Roger Ailes never thought Fox Business Network would work.
When Rupert Murdoch asked the former Fox News CEO to launch the network, Ailes voiced his doubts to the executive chairman of 21st Century Fox, saying, “The world doesn’t need another business network.”
“Rupert Murdoch was smarter than both of us in retrospect,” Neil Cavuto, senior vice president and managing editor of business news, told Business Insider.
“His view — a patient, long-term view — was that the other guys sucked, so that we were going to suck less, and then we were going to do a lot better.”
A decade since the network’s inception, Fox Business Network believes it is in perhaps in its best position yet.
Despite sexual-harassment scandals that have roiled FBN and its sister network, over the past three years the network’s Nielsen ratings ratings have skyrocketed.
For critics of the network, its success has little to do with a growing interest in the way FBN covers the markets and more to do with its lineup of right-leaning programming and embrace of President Donald Trump’s economic and cultural vision.
On Monday, “Fox & Friends Weekend” anchor Pete Hegseth appeared on “Fox & Friends Early” to slam Sgt. Bowe Bergdahl, who pleaded guilty to desertion and misbehavior for walking off his base in Afghanistan in 2009.
“The least he could do is serve behind bars for the rest of his life,” Hegseth said. “Most of us would say he should be put to death for it. This was a treasonous act.”
A few hours later on FBN’s “Varney & Co.,” Hegseth made virtually identical remarks.
“Frankly, a lot of us feel like he’s a traitor who should be executed. Life in prison is the least this guy should get,” he said.
The moment typified what some critics and others view as a key formula to FBN’s success: Its embrace of the political red meat that tantalizes cable news viewers.
FBN beat CNBC — the longtime television business news juggernaut — in total viewers for a week for the first time in September 2016, a milestone that it has repeated consistently for the past year. The network is profitable and has 17 times the number of advertisers it did when it launched a decade ago, and has won some key recent business news days, including on Snapchat IPO’s and when the DOW crossed recent milestones.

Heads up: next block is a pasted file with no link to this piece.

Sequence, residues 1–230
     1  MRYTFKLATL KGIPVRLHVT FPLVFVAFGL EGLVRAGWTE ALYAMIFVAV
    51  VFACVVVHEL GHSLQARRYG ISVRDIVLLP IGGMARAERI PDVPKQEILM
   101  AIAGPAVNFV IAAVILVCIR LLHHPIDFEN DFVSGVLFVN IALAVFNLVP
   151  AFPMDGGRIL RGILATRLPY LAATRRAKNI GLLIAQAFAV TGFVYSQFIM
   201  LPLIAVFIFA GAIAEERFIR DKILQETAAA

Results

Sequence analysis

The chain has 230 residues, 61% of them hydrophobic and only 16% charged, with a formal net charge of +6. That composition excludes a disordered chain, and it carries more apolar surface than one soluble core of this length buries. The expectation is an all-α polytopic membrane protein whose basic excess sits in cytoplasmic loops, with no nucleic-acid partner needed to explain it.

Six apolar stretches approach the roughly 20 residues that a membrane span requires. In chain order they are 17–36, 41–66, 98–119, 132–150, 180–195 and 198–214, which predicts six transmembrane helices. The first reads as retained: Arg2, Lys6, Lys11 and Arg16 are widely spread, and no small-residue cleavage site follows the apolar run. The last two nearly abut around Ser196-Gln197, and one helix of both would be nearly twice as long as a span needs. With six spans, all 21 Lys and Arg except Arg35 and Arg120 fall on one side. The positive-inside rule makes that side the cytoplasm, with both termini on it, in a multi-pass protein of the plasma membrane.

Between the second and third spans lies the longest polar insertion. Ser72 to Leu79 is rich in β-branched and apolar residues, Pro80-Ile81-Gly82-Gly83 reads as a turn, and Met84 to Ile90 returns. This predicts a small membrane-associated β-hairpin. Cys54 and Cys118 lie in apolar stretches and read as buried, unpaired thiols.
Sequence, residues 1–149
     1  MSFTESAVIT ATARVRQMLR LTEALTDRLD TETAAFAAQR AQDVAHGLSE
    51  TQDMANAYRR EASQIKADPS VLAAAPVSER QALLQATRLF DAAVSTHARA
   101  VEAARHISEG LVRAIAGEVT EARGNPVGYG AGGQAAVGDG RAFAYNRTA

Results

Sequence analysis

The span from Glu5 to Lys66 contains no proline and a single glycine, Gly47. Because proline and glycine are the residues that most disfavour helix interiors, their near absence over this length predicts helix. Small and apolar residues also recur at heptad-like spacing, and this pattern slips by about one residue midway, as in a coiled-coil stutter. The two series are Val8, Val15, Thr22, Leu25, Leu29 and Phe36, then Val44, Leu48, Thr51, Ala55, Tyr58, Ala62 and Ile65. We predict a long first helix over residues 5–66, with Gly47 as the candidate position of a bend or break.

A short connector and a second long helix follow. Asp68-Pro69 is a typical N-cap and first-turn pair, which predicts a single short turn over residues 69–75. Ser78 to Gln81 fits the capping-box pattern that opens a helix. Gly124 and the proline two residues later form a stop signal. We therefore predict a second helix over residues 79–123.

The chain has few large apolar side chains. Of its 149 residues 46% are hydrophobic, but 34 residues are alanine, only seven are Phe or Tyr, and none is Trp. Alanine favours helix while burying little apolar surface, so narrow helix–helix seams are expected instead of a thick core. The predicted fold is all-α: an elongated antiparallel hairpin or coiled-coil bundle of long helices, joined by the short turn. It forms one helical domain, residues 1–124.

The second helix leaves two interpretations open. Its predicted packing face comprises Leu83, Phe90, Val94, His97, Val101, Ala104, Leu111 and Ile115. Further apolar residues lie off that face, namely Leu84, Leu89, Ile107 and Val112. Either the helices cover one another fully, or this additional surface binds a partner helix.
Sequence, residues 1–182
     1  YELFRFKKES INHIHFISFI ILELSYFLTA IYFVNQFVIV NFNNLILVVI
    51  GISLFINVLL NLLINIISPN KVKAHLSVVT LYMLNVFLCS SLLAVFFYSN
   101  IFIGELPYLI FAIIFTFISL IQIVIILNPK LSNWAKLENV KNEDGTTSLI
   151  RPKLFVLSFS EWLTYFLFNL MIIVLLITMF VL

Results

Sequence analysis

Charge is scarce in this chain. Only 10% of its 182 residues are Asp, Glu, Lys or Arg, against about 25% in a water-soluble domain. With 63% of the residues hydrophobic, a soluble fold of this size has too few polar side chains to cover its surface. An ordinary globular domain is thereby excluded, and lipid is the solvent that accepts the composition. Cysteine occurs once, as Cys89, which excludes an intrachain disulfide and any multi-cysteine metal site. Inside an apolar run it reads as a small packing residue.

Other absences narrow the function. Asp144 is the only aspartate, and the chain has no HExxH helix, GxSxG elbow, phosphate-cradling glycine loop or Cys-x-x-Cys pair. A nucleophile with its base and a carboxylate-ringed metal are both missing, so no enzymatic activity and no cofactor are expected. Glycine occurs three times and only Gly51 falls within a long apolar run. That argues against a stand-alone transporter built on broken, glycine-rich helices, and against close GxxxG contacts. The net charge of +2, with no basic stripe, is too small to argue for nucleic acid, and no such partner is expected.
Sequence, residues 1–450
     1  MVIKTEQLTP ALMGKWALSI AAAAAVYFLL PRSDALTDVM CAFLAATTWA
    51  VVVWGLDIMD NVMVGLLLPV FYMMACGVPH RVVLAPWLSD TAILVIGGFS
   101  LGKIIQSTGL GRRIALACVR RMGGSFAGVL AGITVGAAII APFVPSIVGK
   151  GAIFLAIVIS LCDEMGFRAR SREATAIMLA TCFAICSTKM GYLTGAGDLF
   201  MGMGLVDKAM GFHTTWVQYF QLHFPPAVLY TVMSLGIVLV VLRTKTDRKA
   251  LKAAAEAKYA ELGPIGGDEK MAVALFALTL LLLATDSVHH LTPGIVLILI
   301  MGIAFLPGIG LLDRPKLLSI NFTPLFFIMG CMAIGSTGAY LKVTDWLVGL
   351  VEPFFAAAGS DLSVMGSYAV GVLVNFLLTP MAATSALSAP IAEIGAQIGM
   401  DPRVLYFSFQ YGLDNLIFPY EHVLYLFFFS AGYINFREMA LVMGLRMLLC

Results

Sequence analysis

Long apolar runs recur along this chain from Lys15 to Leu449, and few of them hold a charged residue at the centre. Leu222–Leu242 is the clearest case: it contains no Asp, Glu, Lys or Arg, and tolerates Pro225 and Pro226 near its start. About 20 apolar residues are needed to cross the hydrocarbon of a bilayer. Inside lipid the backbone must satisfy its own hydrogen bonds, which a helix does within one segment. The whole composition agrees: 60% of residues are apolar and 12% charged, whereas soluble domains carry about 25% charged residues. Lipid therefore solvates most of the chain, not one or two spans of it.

FBN’s competitors privately acknowledge the network’s success in wooing a larger viewing audience. But critics, including more than a half-dozen former employees, suggest that the network has gotten there by deviating from its implied purpose.
“The question is, how much longer can you call it a business network?” one former top-level employee asked, in order to speak freely about their experience at FBN.
‘A contradiction we lived with’
FBN first hit the air on October 15, 2007, launching with the goal of “demystifying” televised business news for regular viewers, betting that if the network eschewed business jargon, it’d make financial news more easily understandable and digestible.
“We didn’t assume that everybody is a chief financial officer, and knows what fed funds futures are,” longtime anchor Liz Claman — who decamped from CNBC and joined the network in its infancy — said in a phone interview.
But almost immediately, the network faced problems.
Many critics wrote off Fox Business as unserious, and in its first several years, the network went through a number of major lineup changes.
The network’s early-morning shows failed to attract ratings, so in 2009 FBN hired controversial shock jock Don Imus, which resulted in an immediate viewership boon but ceded airtime to a host with little interest in serious markets news that drove rival business radio and television programs in the same time slot.
It wasn’t just the early-morning shows that were in trouble. In 2012, the network canceled its entire primetime lineup, choosing to replay its daytime lineup in the evening.
Part of the turnover was the result of an internal identity crisis as the fledgling network was figuring out how seriously to embrace the ratings force that had made Fox News’ opinion programs successful — a heavy diet of politics news and a right-leaning political agenda.
A number of earlier higher-ups were more committed to traditional business coverage with a Fox News tint.
In an internal memo in 2011, then executive vice president Kevin Magee urged staffers not to “imitate our sibling network” because audiences would choose Fox News over Fox Business Network.